By Michel Beller
(Above: My beautiful parents on their wedding day, 1958: another black-white marriage, 150 years later, when it was still illegal to “miscegenate” in 16 states)
I chose, as the title for this book, The Trouble with Virginia, because it fits so perfectly. Virginia is my great-great grandmother’s name. She was born in Virginia. Of a white father and a black mother living openly as husband and wife in the South, in 1830. Plenty of trouble there–need I say more? Imagine navigating a world, a society, a culture such as what mixed-race Virginia (and others like her) must have encountered.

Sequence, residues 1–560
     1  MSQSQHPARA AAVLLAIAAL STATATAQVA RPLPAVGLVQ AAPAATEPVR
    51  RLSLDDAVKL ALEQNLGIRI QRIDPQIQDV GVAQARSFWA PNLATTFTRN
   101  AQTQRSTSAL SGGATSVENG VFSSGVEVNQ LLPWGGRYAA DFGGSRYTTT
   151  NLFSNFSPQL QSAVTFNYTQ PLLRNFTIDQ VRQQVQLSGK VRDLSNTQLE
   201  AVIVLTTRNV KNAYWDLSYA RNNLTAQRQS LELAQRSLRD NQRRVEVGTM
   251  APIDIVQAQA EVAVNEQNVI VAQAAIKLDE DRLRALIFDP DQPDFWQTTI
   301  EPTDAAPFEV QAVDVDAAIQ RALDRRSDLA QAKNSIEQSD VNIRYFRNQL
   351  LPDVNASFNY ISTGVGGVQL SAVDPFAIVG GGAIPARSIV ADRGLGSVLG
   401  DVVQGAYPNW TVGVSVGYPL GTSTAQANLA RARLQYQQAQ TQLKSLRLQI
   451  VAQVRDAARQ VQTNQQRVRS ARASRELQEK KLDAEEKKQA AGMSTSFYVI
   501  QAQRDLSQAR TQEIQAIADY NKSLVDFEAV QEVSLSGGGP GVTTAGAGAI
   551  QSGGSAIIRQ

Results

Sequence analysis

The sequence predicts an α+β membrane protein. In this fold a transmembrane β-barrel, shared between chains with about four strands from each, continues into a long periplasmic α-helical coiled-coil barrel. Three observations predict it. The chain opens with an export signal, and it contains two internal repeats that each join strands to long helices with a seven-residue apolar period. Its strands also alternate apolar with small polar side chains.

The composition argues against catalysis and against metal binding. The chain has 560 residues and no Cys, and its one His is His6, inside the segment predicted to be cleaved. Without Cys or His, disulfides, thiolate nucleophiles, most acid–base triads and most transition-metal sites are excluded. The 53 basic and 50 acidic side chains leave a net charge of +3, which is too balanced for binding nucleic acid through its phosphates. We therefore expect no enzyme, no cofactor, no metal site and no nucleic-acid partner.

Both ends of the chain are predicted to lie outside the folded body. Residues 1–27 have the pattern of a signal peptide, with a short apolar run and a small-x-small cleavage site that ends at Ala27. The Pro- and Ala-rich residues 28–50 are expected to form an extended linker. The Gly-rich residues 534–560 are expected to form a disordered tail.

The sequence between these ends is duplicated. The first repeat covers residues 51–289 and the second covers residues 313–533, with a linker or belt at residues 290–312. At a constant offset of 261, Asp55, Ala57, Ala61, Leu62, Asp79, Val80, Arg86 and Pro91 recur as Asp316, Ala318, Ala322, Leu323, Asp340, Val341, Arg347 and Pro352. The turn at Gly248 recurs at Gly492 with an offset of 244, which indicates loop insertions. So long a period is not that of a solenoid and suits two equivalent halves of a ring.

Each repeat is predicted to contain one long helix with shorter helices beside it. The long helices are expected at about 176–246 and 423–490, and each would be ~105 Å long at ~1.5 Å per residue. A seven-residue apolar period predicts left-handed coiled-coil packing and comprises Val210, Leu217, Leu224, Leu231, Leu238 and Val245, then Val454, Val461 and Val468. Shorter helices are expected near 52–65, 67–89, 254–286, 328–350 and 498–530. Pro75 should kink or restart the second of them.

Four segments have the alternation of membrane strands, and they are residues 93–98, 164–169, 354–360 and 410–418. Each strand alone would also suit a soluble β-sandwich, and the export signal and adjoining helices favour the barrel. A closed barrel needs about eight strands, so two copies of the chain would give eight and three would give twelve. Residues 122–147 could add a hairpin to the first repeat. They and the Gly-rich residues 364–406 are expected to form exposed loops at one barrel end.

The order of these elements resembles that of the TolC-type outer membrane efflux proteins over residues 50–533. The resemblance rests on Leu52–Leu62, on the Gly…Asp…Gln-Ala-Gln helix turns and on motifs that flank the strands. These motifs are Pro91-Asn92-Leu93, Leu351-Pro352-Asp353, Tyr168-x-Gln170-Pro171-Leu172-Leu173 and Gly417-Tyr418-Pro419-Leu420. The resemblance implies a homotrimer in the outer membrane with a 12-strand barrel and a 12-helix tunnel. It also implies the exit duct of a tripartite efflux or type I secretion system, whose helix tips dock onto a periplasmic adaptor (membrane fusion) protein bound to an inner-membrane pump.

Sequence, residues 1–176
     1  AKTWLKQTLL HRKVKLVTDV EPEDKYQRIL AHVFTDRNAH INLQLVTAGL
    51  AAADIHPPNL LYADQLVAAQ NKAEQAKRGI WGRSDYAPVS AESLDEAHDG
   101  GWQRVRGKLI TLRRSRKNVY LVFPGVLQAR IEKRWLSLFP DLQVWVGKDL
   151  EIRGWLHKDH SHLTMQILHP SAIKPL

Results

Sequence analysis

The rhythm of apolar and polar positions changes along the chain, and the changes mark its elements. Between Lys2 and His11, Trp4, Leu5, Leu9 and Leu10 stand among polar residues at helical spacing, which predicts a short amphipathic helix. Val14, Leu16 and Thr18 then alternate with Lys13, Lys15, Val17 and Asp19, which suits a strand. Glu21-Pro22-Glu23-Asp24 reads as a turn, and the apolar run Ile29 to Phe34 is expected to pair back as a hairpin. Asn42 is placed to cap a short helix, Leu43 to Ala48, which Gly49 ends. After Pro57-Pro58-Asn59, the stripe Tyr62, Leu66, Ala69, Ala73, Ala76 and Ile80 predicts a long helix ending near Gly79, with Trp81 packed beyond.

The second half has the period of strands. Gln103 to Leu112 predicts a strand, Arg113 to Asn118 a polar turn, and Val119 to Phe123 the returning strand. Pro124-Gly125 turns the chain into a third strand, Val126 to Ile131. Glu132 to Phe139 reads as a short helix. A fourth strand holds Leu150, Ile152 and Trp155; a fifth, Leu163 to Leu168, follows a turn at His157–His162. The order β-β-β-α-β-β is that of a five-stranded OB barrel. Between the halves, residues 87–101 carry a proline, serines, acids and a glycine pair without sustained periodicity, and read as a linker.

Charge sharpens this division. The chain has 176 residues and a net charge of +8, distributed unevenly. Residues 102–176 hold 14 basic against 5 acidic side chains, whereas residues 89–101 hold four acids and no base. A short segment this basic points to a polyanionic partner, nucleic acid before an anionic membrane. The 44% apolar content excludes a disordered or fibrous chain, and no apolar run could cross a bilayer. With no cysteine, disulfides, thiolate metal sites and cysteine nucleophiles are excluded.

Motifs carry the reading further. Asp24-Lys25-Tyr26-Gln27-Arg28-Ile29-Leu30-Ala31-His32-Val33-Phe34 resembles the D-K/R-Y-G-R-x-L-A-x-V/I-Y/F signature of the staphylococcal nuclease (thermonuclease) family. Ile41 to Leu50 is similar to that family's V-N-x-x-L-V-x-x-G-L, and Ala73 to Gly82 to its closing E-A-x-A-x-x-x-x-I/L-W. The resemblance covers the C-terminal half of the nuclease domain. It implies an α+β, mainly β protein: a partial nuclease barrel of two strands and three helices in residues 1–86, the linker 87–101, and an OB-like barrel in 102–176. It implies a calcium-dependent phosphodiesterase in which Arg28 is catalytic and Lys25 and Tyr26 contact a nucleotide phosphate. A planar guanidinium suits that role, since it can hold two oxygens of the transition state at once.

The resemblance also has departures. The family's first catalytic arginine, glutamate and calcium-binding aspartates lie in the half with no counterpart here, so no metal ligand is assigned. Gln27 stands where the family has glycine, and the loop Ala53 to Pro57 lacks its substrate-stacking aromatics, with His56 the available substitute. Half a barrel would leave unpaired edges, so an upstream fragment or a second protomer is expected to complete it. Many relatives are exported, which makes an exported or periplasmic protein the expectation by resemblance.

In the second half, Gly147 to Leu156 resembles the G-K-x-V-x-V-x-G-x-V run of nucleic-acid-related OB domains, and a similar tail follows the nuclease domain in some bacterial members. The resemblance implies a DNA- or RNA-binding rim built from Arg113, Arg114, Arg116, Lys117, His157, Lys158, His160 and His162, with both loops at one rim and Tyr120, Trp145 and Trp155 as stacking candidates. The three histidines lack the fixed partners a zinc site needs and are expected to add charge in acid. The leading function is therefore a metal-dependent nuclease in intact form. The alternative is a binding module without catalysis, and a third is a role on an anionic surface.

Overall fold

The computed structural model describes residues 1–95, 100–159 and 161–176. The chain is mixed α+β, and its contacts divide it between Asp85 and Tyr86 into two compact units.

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Before June of 1967, sixteen states still prohibited interracial marriage, including Virginia, the home of Richard Perry Loving, a white man, and his wife, Mildred Loving, a woman of African-American and Native-American descent.
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The Lovings at their Central Point home in southeastern Caroline with their children, Peggy, Donald and Sidney, in 1967. The last U.S. couple to fight the legal battle to marry outside their phenotype / haplotype
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